Monday, April 13, 2015

Oceania Mat for the Early Childhood Classroom

I am in love with this work.  Not only because it took a while to produce, but because I got to make it with my sweet son, Andon, who is battling Leukemia right now.  I want to express my thanks and love for all your support and kindnesses during our fight.  We are not done yet by any means.  He still has another 2 years and 10 months, at least, to go.

The Oceania mat laid out.  I forgot to take a picture of the mat in the bag.

The work on the tray.  The mat itself is kept in a bag that can hang on a wall or sit
behind the tray on the shelf.

I've been taking a sabbatical from school while Andon undergoes chemotherapy, but that doesn't mean I haven't been keeping very busy.  I have so many things I could post about, and I really want to post everything, but I don't have that kind of time right now.

Since Andon has come home he has been VERY interested in islands, and we have studied all kinds of them when he has felt well enough.  In fact his Make-A-Wish wish is to go to Aulani resort in Hawaii with his family.  He wants to see the island up close, swim with the dolphins, and learn to surf.  He has also had a real interest in Australia, so I thought it would be perfect to study Oceania.  I figured I do several things all at the same time, and get some work in for school as well.  We ordered the Elementary Biome work from Waseca Biomes, which will arrive on Wednesday (we are so EXCITED!!!).  While I've been waiting for that to arrive I set to work making something I have been meaning to make for over a year now.  The Early Childhood mat of Oceania.  Since Andon hasn't been exposed to this type of work he helped me to create it while also learning.  We spent some time learning about the animals, plants, biomes, industry etc. of Oceania and then we worked to create this mat.  He has learned a lot of things through this process, and has really enjoyed it.

The first order of business was to find a site where I could print a large-scale copy of Oceania.  I found that here.  I used the 4X4 setting, which used 16 sheets of paper.  I tried the 5X5 setting first, but thought it was too large.  I wanted to be certain that littler arms could reach the center of the mat without walking on it.

NOTE:  I think it is important that children be exposed to the Biomes before they start this work.  Waseca has a great curriculum that you can download for free.  It is, however, one of those life changing and mind expanding sites.  I LOVE their biome work, but am not such a fan of their rainbow boxes for language.  I DO, however, love their biome readers.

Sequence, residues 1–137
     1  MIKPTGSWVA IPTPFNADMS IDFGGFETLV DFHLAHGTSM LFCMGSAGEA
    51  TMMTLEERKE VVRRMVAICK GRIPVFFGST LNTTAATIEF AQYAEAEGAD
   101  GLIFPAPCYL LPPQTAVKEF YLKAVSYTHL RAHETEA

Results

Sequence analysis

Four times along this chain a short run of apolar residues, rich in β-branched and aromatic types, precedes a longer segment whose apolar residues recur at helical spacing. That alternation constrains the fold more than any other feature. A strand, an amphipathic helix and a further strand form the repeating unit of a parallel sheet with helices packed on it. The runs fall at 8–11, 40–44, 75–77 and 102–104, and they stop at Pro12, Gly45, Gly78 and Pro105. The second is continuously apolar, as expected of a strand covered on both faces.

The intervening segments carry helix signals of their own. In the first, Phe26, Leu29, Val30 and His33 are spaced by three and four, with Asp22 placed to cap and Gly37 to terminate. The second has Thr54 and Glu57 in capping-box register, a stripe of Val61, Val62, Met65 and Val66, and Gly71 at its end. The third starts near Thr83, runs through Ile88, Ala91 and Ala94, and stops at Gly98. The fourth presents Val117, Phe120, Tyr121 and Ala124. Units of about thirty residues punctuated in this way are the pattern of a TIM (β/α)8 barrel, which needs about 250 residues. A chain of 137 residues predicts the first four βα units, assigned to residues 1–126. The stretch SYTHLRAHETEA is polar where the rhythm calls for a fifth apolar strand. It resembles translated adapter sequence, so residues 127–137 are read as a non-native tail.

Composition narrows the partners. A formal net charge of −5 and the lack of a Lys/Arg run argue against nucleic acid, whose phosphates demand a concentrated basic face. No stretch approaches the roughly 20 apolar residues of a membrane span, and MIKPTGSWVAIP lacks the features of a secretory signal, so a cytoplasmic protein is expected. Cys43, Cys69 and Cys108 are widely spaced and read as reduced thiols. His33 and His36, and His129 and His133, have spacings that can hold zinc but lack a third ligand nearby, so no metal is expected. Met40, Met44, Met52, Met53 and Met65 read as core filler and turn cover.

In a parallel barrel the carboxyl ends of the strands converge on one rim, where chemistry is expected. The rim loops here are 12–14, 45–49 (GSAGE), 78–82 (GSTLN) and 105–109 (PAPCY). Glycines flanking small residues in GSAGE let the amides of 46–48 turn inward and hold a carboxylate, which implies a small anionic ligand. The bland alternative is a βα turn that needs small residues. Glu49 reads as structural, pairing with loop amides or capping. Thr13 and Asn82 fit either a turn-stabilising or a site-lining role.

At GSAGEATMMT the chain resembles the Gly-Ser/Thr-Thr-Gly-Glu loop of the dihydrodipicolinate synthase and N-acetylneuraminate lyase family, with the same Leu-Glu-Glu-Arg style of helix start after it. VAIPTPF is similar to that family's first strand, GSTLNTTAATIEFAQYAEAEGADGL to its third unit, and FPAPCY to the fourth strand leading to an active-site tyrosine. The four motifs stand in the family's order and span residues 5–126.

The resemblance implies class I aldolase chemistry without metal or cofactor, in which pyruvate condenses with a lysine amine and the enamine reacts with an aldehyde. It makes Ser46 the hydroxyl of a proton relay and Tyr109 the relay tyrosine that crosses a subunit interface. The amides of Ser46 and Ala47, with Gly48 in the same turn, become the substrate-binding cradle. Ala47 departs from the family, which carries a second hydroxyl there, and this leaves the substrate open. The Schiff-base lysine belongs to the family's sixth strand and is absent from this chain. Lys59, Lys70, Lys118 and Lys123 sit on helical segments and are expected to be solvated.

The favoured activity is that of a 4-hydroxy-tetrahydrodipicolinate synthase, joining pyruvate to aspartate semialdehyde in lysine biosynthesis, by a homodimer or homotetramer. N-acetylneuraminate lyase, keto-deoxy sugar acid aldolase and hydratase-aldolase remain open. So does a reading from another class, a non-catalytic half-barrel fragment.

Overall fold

I traced Australia onto brown Duck Canvas twice.  This was to give stability and a control
of error you will see later.  I used some of the left over brown canvas to make a bag to hold the mat.

I turned the paper pattern backwards so that when I cut out the  fabric I could turn it the
right way and not have the tracing show.

In this mat I am teaching the child the biomes found in Australia mostly.  The other islands
won't have their biomes expressly taught since they are significantly smaller.  Sorry to all my kiwi
friends :).  I do talk about them in the presentation a little.  You can see the biome map I am
referencing above.  You can find it below.

I sketched out the biomes onto the paper pattern.
Then I cut them out.

I traced those lines onto the front of one of the canvas cut-outs of Australia. Once that
was finished I used a triple stitch and a light blue thread to sew the lines onto the top piece
of the cut-out.

The next step was to pin the two pieces of fabric together and sew them.

I used clear thread and a zig-zag stitch.

I cut a piece of blue Duck Canvas to 20X40 and placed Australia where I wanted it on the fabric.
I was certain to leave plenty of room for New Zealand, Papua New Guinea and some of the  smaller
islands of Oceania.  I traced the outline of Australia onto the front of the blue fabric.  I then used brown
thread to sew the outline onto the blue fabric.

I then cut the biomes out of their respective colors.  Again I used duck canvas and cut two
of each piece.  I traced the major rivers and Lake Eyre onto the top side of the biome fabric and
 sewed them in a darker blue thread with a triple stitch.  Once that was done I again sewed the pieces
together with clear thread and a zig-zag stitch.
I cut out a small Australia and sewed it onto this light blue fabric with
clear thread and a zig-zag stitch.  I then turned it into a drawstring bag.
  It holds items that go onto the mat.  Here you can see the stitch work on the biome fabric.

Next I made pieces for Papua New Guinea and New Zealand.  I used some tan
vinyl to do the other side in order to be neutral.  I cut two pieces of blue for each, sewed
the islands onto the top side with clear zig-zag.  The white paint dots
you see are for the placement of objects.

Using the sewn island pieces, I traced onto the blue mat and then sewed the
 outlines for them in blue thread with a triple stitch.  Some of these photos
were taken at night so they didn't turn out so well.

Once New Zealand and Papua New Guinea were made, I used the large scale
print-out as reference to trace more smaller islands onto the mat.
I used brown fabric paint to paint them onto the mat itself.  Tasmania was cut
out of the Duck and sewn directly to the mat.  Then I used double fold bias
tape in a dark brown to finish the mat.
The contrast of color is nice.

This shows the basic set up of the mat with just the brown fabrics.

Finally, all the fun stuff is added.  I am a big fan of using already made resources if I can.
The Down Under Toob had a lot of these things.  I also used the cycad palm
 from the Trees Toob, the coral, seahorse, diver, chest of gold and clown fish from the
Coral Reef Toob.  I used the apples and bananas from the Fruit Toob.  I used Super Sculpey
to create the Mountain ranges, Ayers Rock, the base of the Aboriginal man
(because he doesn't stand on his own), and the volcano.  I used a wooden disc and